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  • Working memory training in older adults: Bayesian evidence supporting the absence of transfer.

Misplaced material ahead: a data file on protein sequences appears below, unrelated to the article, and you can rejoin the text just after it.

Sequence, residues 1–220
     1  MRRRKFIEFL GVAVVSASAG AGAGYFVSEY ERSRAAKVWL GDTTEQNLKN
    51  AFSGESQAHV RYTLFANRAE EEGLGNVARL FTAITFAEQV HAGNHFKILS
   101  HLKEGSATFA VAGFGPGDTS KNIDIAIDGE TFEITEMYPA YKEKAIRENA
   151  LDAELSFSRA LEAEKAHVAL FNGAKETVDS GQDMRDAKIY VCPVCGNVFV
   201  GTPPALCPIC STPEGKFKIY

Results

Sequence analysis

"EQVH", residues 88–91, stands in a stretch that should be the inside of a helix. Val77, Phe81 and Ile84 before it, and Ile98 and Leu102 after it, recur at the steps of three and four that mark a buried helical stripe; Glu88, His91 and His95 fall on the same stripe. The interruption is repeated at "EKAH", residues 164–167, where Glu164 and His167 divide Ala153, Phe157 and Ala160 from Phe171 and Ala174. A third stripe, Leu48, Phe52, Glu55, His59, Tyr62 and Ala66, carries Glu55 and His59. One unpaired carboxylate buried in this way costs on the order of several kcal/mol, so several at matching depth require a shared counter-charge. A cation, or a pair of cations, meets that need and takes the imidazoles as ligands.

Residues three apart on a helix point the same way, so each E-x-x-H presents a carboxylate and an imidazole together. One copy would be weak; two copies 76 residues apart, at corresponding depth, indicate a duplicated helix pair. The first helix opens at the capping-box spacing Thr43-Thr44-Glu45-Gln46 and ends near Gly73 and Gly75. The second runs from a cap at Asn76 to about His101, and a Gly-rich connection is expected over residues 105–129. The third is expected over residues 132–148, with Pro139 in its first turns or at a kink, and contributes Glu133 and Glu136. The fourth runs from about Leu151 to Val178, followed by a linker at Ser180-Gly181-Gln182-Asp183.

The question of whether working memory training leads to generalized improvements in untrained cognitive abilities is a longstanding and heatedly debated one. Previous research provides mostly ambiguous evidence regarding the presence or absence of transfer effects in older adults. Thus, to draw decisive conclusions regarding the effectiveness of working memory training interventions, methodologically sound studies with larger sample sizes are needed. In this study, we investigated whether or not a computer-based working memory training intervention induced near and far transfer in a large sample of 142 healthy older adults (65 to 80 years). Therefore, we randomly assigned participants to either the experimental group, which completed 25 sessions of adaptive, process-based working memory training, or to the active, adaptive visual search control group. Bayesian linear mixed-effects models were used to estimate performance improvements on the level of abilities, using multiple indicator tasks for near (working memory) and far transfer (fluid intelligence, shifting, and inhibition). Our data provided consistent evidence supporting the absence of near transfer to untrained working memory tasks and the absence of far transfer effects to all of the assessed abilities. Our results suggest that working memory training is not an effective way to improve general cognitive functioning in old age. (PsycINFO Database Record (c) 2017 APA, all rights reserved)